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- To: EB at MIT-AI
- Subject: Errors
- From: Jonathan A. Rees <JAR at MIT-MC>
- Date: Mon, 14 Jul 80 18:28:00 GMT
- Cc: BUG-LISP at MIT-MC
- Original-date: 14 July 1980 14:28-EDT
Date: Thu, 7 Nov 80 19:19:56 GMT
Original-Date: 07/11/80 15:19:56 EDT
From: EB at MIT-AI
To: (BUG LISP)
Date: 10 JUL 1980 1940-EDT
From: JAR at MIT-MC (Jonathan A. Rees)
The reason for this is that ERROR was called with no
interrupt channel argument while *RSET was (). That is a RUDE thing
for ANY error detection code to do.
Why? Seems controversial to me. If you don't want errors like that to
go immediately to top level, don't run with *RSET nil.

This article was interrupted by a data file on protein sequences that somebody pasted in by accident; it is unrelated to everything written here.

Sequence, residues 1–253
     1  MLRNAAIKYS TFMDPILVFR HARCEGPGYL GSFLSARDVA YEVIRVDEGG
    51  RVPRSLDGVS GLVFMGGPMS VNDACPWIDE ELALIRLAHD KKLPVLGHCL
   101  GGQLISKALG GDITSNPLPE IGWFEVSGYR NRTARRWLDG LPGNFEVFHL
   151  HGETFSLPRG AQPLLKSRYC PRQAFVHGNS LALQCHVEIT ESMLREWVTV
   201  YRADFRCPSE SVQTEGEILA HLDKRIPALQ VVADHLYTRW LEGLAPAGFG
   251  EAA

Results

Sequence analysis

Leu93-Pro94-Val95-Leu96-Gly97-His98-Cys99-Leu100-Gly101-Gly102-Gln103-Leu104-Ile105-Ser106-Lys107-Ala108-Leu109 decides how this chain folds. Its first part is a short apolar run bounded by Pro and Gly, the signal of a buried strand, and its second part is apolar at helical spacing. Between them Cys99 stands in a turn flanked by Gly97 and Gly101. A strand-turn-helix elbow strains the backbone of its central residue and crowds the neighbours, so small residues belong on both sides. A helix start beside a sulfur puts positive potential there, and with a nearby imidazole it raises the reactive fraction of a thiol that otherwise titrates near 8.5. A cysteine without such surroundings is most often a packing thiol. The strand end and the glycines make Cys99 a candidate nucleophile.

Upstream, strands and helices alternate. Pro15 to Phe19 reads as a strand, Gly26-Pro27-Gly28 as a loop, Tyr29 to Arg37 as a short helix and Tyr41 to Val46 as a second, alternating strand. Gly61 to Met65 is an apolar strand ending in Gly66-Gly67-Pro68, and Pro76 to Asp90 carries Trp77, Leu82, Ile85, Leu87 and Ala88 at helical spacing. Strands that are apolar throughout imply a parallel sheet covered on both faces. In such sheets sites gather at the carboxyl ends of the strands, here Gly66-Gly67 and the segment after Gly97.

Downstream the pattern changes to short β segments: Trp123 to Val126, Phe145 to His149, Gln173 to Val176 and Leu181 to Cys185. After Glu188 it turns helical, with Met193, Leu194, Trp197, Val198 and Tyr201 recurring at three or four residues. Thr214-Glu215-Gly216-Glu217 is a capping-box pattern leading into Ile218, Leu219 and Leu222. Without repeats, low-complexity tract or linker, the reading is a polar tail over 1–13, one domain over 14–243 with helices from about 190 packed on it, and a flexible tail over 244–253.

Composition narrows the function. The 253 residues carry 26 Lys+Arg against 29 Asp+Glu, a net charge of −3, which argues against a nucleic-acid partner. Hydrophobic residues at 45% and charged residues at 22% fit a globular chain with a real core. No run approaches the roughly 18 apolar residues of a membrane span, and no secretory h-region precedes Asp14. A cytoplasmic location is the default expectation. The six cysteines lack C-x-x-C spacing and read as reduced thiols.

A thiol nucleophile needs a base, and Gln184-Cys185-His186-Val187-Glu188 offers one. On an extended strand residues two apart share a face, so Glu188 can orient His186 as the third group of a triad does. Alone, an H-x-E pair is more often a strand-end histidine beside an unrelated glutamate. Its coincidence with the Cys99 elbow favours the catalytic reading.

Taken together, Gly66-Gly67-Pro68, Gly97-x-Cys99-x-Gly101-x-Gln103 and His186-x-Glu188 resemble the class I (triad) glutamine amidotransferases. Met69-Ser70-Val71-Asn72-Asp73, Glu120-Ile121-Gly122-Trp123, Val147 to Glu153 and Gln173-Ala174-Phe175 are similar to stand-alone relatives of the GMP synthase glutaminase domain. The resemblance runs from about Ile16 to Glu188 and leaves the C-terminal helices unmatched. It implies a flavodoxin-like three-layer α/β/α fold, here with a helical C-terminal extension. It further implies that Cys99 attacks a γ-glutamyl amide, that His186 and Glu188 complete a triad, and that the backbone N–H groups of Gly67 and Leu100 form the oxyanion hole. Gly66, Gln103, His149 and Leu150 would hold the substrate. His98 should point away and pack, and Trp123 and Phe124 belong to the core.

Don't jump to the conclusion that I was running with *RSET nil. I hardly
ever do, and wasn't doing so in this case. I do, however, have to use
Jonl's system code which has the nasty habit of BINDING *RSET to nil within
certain functions, like the one that caused my grief.
giving an interrupt channel argument typically make the error
correctable, while the whole point of using ERROR might be that a
semantically uncorrectable error has occurred?
I had no intention of correcting the error! I only wanted to look at my
execution context at the point where the error occurred! And according
to your argument, the right thing to do would be to do a (QUIT), since
throwing to top level is itself a form of "recovery."
Also, note that errors
written as calls to FERROR will give no interrupt channel argument
(unless I am mistaken); does that mean that FERROR is a RUDE function
for ANY error detection code to call?
No, it means that there's some bug in the implementation of FERROR you refer
to. (What version is that, btw? The kludgey version defined by LSPSRC;
EXTEND/EXTMAC - not that I want to recommend or defend it - at least uses
the FAIL-ACT channel by default, prior to bombing out completely.)